School Travel Organiser spoke to new YHA Ambassador Alex Staniforth about his experience of outdoor learning and how getting outside helped him overcome anxiety and depression.
Last month young adventurer Alex Staniforth was appointed ambassador for YHA England and Wales.
The 20-year old endurance adventurer, author, charity fundraiser, athlete and motivational speaker from Cheshire made the headlines last year when he was caught in the avalanche on Mount Everest which tragically killed three of his team-mates.
His experience has been documented in his recent book Icefall. Later this year he’ll return to the Himalayas to climb Cho-Oyu, the sixth highest mountain in the world and is using youth hostels throughout England and Wales as ‘natural training ground’ for the forthcoming challenge.
Alex, who was diagnosed with epilepsy when he was nine and has also had to overcome a bad stammer, credits the outdoors with helping him manage the panic attacks, anxiety, depression, low self-confidence, bullying and low self-esteem, which the conditions triggered.
It’s because of this that’s he’s a champion of outdoor experiences for everyone, from families to schools.
How exactly did being outdoors growing up help you with your low self-esteem?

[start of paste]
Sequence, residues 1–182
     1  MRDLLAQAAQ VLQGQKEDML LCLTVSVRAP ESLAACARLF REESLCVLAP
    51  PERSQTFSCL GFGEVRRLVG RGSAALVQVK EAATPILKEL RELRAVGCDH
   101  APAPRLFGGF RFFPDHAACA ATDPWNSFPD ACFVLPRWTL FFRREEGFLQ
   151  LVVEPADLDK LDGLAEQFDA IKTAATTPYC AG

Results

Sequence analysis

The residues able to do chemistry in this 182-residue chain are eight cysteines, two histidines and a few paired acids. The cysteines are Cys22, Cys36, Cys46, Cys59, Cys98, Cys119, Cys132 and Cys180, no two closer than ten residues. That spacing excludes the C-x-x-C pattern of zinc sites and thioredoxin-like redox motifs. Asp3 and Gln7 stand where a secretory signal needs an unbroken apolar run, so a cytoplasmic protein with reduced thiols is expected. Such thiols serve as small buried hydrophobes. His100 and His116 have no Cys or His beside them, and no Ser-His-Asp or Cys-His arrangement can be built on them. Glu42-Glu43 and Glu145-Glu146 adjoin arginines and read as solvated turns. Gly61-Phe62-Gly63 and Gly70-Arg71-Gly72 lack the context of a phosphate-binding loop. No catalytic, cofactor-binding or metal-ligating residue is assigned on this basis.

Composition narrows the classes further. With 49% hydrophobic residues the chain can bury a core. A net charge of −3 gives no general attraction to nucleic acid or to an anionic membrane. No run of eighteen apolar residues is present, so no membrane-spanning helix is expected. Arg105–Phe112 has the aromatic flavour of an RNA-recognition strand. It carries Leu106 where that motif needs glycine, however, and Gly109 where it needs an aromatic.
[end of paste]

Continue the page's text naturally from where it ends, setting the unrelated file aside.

In terms of the low self-confidence and the anxiety that came with my epilepsy and my stammer, I think it was originally the outdoors that gave me the opportunity to fight back and to really prove myself and prove the bullies wrong. I was badly bullied at school.
I signed myself up to try paragliding and it’s that one experience that made me realize that I had all this confidence and drive that had been locked inside me for all those years.
I guess the outdoors can help young people realize what they’re capable of achieving. It can really boost them, and that’s what happened to me, and that’s how I kind of started pursuing these outdoor challenges and eventually Everest.
Did you have many opportunities to learn outside the classroom when you were in school?
There were certainly a few, and the earliest I remember was going to a hostel in Snowdonia, in Primary school. That was a YHA.
It was a long time ago now, probably nearly 12 to 14 years ago, but I do recall that having an effect on me.
There were some things that we did, such as going into the local forests and going away on trips that definitely shaped me in some way. The experiences were memorable for me.
My first experience on a mountain was with YHA, on that trip, and although that didn’t necessarily ignite what I did next, it certainly played a part in that journey.
Can you think of any other benefits of outdoor learning?
Besides the confidence and the sense of achievement and all that, I think just general fitness and wellbeing, as well as mental health.
Being outdoors can be a massive help. Most people know that if you’re having a bad day, sometimes just going out into the fresh air, whether that’s to the local park or whether that’s in the forest or to the beach, it’s all relevant.
And I think with general wellbeing and physical health, the outdoors doesn’t have to be sport related or exercise, it can just be a nice easy walk somewhere. I think in general it’s an escape from daily life and obstacles that we all face and the outdoors is accessible for everybody in different ways.